SKIN OF SPACE
May 5, 2006 – December 24, 2006
“Csörgő’s work revolve around the appearance of changeable forms and the associated perceptional experience, be that in his kinetic light sculptures, Neo-Dadaist machines which are reminiscent of Yves Tinguely, or simple paper folds and their successive unfolding, as can be seen in the photographic series entitled Peeled City II.” – Claudia Seidel
Skin of Space presents two major series by Attila Csörgö. Both series, Orange Space (1999–2005)
and Peeled City II (2002), focus on the deconstruction and reconstruction of sculptural, physical, and
The Orange Space series comprises works that consist of twin 360-degree panoramic photographs:
in each, the first photograph is a two-dimensional image displayed in the form of a peeled orange skin; the second is a spherical image constructed from the first given form and placed on a thin aluminum stand. Attila Csörgö says: “Peeling is an excellent way to transport three-dimensional forms onto a surface. Its prototype is the peeling of an orange, as if you could unwrap the skin of the fruit (a quasisphere) to get a two-legged spiral. The result is a kind of image of the fruit, which depicts the entire orange. This image is very unusual in its form, but very defined in its development.”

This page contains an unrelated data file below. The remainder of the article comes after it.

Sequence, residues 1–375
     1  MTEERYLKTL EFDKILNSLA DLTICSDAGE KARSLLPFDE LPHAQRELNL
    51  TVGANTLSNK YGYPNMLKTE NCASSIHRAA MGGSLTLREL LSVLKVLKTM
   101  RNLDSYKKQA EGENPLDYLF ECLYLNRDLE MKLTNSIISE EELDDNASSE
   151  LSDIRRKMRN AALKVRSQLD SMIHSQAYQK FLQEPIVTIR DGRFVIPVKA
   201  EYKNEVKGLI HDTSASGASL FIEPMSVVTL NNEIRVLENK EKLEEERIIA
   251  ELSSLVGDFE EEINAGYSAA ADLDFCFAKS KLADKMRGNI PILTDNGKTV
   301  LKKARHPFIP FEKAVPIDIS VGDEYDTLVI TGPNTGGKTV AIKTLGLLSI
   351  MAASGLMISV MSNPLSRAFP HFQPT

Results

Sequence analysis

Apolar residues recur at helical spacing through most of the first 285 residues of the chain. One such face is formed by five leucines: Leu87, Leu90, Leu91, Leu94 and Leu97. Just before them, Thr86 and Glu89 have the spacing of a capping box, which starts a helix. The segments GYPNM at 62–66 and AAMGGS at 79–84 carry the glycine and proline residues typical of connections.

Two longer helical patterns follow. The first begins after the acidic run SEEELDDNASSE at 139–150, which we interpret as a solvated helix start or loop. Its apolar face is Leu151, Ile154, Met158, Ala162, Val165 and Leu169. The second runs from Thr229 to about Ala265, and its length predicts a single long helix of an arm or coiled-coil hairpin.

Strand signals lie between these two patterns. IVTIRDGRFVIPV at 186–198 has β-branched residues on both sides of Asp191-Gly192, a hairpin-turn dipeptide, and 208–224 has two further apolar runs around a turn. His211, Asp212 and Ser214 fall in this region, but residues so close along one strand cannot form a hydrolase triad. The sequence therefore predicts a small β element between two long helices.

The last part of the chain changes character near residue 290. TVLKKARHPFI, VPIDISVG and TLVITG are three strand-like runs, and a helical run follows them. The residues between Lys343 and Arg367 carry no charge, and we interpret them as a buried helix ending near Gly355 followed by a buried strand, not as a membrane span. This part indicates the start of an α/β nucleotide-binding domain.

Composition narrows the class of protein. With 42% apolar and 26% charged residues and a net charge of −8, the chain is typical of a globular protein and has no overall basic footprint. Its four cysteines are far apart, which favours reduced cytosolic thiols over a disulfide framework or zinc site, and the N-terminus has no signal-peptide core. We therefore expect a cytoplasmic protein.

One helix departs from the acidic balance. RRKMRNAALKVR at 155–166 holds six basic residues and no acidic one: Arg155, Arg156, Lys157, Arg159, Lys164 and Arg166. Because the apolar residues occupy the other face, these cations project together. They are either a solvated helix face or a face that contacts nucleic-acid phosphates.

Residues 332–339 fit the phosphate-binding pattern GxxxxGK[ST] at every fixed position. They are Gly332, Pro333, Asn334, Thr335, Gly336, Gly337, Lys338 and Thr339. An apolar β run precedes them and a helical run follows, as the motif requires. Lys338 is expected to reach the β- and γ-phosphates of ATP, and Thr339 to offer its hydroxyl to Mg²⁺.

Peeled City consists of c-prints, drawings, and a paper object, and is closely linked to the Orange
For Peeled City, Attila Csörgõ created a model of a New York skyscraper and then ‘peeled’ it. This
model was made of card paper, using a different color for each side. Changes in color on the peeled
form also indicate changes in the direction of the peeling. “And so we can see the whole at once,
which it was not possible to see before.” -A. C.
The exhibition displayed the larger version of the series, Peeled City II, with a surface area of
210 x 370 cm.
In addition, the artist has produced two new photographic works, Make love (2005/06) and Epicycles
(2005/06), especially for the Skin of Space exhibition.
Based in Budapest, Attila Csörgõ took part in the 48th Venice Biennial in 1999 and the 8th Istanbul
Biennial in 2003, as well as other well-known international events, and in 2004, he had a retrospective solo show at Kettle’s Yard in Cambridge, England. His work was first shown in Ljubljana in 1999 at the Galerija Škuc (along with work by Antal Lakner).
This exhibition has been made possible by The Ministry of Culture of the Republic of Slovenia and the Cultural Department of the City of Ljubljana.